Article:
Asian shares were mixed in the afternoon despite an apparent improvement in market risk sentiment after British Prime Minister Theresa May said she had obtained enough support for her proposed Brexit deal to move forward.
In Hong Kong, the Hang Seng index rose 0.42 percent by the end of the morning session. Shares of Tencent rose 3.75 percent on the back of a better-than-expected earnings report for the third quarter.
“I think the financial performance of Tencent has surprised the market a little bit. In (particular), its mobile gaming business is actually doing better than what we have expected as well,” Ronald Wan, non-executive chairman at Partners Financial Holdings, told CNBC’s “Street Signs” on Thursday.
Wan did, however, voice caution over the outlook for the Chinese tech giant. He said much of the gains achieved in the third quarter were “one-off capital market transaction(s)” and also attributed the gaming business’ strong performance to the launch of many mini-games.
“I think in (the) fourth quarter and even till next year, the company is still subject to a lot of uncertainty,” he added. “I think the price, you know, increment today may not be sustainable so I think investors should be cautious about that.”
The mainland China markets, which have been closely watched as a result of Beijing’s ongoing trade spat with Washington, saw gains from the morning session as well. The Shanghai composite advanced 0.69 percent and the Shenzhen composite gained 0.474 percent.
Away from the Greater China region, however, the picture appeared cloudier.
Japan’s Nikkei 225 slipped 0.63 percent in afternoon trade while the Topix index saw losses of 0.58 percent, as shares of conglomerate SoftBank fell around 3.2 percent.
In Australia, the benchmark ASX 200 lost its earlier gains and fell 0.4 percent as most sectors reversed course, with materials shedding 0.3 percent.
The heavily weighted financial subindex declined 0.53 percent as Australia’s so-called Big Four banks fell. Shares of Australia and New Zealand Banking Group slipped 0.47 percent, Commonwealth Bank of Australia shed 1.03 percent, Westpac fell 0.96 percent and National Australia Bank declined by 0.25 percent.
Meanwhile, South Korea’s Kospi also shed its earlier gains to slip 0.14 percent in afternoon trade.
May gets support for Brexit deal
Theresa May said on Wednesday she had obtained enough support for her proposed Brexit deal to move forward.
“I firmly believe that the draft withdrawal agreement was the best that could be negotiated,” May told reporters in London. “The choices before us were difficult … but the collective decision by Cabinet was that the government should agree the draft withdrawal agreement and the outlying political declaration.”
“This is a decisive step which enables us to move on and finalize the deal in the days ahead,” May added.
Following her announcement, the British pound rebounded against the greenback. On Thursday afternoon during Asian hours, Sterling traded at $1.3008 after touching an earlier high of $1.3012.
Some market watchers said that the uncertainty surrounding a deal continued to weigh on risk sentiment.
Parliamentary approval for the Brexit draft agreement is still in “considerable doubt,” according to Ray Attrill, head of foreign-exchange strategy at the National Australia Bank.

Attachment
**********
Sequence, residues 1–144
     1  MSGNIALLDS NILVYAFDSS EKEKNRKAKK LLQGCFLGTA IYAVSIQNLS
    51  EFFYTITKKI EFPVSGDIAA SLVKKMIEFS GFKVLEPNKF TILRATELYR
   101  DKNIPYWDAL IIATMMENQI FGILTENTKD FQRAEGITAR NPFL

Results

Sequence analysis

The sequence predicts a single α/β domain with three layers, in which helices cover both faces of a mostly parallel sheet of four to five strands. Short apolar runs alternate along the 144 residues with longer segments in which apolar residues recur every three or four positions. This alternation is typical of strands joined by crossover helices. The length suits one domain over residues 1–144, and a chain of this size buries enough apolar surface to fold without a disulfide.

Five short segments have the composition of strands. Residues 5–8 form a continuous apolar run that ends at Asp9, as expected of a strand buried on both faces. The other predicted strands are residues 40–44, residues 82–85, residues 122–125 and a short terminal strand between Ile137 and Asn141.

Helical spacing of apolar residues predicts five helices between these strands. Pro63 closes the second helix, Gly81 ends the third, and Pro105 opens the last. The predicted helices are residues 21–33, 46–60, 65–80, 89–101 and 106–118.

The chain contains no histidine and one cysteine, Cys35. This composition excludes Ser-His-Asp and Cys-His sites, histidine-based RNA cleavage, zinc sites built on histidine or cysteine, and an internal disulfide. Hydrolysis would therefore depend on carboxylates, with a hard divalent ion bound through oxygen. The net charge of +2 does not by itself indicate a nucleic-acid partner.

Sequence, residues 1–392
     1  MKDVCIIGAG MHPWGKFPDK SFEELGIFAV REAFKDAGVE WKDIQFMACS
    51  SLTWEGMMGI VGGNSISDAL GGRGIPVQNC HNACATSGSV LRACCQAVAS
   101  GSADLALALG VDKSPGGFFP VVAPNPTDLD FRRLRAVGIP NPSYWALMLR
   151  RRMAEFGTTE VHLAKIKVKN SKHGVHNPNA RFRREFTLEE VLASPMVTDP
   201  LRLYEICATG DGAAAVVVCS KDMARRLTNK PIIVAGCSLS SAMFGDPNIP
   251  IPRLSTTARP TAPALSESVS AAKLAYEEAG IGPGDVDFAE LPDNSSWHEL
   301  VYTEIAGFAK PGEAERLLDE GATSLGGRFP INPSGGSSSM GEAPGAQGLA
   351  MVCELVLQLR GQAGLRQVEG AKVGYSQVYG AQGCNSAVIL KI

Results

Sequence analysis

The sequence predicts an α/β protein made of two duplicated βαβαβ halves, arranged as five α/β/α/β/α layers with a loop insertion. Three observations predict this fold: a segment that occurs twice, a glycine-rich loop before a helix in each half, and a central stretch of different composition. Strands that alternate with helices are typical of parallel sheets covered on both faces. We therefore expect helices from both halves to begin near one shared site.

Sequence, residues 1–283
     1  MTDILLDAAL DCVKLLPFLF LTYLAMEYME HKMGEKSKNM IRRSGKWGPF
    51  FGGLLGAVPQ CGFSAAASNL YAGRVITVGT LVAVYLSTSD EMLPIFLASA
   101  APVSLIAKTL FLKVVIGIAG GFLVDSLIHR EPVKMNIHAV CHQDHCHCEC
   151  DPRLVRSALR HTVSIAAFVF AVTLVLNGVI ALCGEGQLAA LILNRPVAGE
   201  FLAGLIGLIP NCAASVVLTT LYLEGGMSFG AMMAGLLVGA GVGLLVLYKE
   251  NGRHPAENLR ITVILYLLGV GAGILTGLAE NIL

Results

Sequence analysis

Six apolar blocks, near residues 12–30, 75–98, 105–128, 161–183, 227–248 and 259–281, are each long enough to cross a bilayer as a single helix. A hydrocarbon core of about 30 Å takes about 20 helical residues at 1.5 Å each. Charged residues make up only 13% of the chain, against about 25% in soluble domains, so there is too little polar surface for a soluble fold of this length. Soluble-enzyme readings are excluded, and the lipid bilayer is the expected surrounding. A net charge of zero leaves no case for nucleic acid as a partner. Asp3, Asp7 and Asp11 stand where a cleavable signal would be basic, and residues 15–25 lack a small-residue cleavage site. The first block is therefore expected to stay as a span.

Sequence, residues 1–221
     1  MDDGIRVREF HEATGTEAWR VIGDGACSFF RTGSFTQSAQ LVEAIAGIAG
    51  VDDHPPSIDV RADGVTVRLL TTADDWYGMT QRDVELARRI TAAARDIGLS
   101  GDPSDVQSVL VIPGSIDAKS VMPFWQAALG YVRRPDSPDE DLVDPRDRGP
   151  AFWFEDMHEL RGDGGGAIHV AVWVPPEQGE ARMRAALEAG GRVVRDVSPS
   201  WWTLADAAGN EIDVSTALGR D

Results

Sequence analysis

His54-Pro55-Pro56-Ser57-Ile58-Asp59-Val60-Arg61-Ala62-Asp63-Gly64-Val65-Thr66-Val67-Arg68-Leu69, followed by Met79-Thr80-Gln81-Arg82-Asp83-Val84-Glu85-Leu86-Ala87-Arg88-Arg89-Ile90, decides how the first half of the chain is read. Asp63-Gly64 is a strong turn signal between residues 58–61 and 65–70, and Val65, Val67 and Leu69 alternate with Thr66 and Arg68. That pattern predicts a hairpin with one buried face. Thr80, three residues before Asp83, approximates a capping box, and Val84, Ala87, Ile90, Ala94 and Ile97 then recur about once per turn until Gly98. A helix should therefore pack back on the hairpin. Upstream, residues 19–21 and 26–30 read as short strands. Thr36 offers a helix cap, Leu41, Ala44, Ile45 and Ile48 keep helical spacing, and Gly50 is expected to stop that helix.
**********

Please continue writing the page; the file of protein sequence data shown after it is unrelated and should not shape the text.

“We still can’t say with any confidence whether this deal, no deal, or indeed a second referendum, is now the most probable outcome to this ongoing saga,” he said in a morning note.
Fed ‘can and will move at any meeting’
U.S. Federal Reserve Chairman Jerome Powell on Wednesday expressed confidence in U.S. economic strength and said that markets will have to get used to the idea that the central bank could raise rates at any time starting in 2019.
During a question-and-answer session in Dallas, Powell conceded that the global economy is not growing at the same pace it was last year. But he said overall the domestic picture looks good. He described the global picture as a “gradual chipping away” at the pace of growth but said it is “not a terrible slowdown.”
“I’m very happy about the state of the economy now,” he said in an interview with Dallas Fed President Robert Kaplan. “Our policy is part of the reason why our economy is in such a good place right now.”
“Over time, folks will get used to the idea that we can and will move at any meeting,” he added.
Trade concerns weigh on Wall Street
In overnight market action on Wall Street, the S&P 500 slipped around 0.76 percent to close at 2,701.58 while the Dow Jones Industrial Average declined by 205.99 points to finish the trading day at 25,080.50. The Nasdaq Composite also saw declines of 0.9 percent to close at about 7,136.39.
Market sentiment was also hurt by comments from Rep. Bill Pascrell, D-NJ. In an interview with Bloomberg News, Pascrell said the updated trade deal between the U.S., Canada and Mexico needs to be changed before it can pass through Congress.
There needs “to be not only changes in the legislation but more enforcement,” said Pascrell, who is in line to be the head of the House Ways and Means subcommittee on trade.
The U.S. dollar index, which tracks the greenback against a basket of its peers, was at 96.840 after seeing an earlier high around the 97 handle.
The Japanese yen traded at 113.46 against the dollar after seeing lows above 113.9 yesterday. The Australian dollar was at $0.7272, climbing from lows around $0.7226.